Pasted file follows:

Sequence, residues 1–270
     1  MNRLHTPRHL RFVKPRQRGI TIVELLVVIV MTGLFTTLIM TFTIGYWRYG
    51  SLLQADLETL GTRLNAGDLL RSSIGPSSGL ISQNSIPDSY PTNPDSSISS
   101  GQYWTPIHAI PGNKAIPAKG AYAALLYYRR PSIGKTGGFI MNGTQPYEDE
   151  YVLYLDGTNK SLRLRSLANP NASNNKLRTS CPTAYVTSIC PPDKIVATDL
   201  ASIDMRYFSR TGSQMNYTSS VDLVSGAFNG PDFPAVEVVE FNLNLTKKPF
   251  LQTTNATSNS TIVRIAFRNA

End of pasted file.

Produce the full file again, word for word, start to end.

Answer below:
Sequence, residues 1–270
     1  MNRLHTPRHL RFVKPRQRGI TIVELLVVIV MTGLFTTLIM TFTIGYWRYG
    51  SLLQADLETL GTRLNAGDLL RSSIGPSSGL ISQNSIPDSY PTNPDSSISS
   101  GQYWTPIHAI PGNKAIPAKG AYAALLYYRR PSIGKTGGFI MNGTQPYEDE
   151  YVLYLDGTNK SLRLRSLANP NASNNKLRTS CPTAYVTSIC PPDKIVATDL
   201  ASIDMRYFSR TGSQMNYTSS VDLVSGAFNG PDFPAVEVVE FNLNLTKKPF
   251  LQTTNATSNS TIVRIAFRNA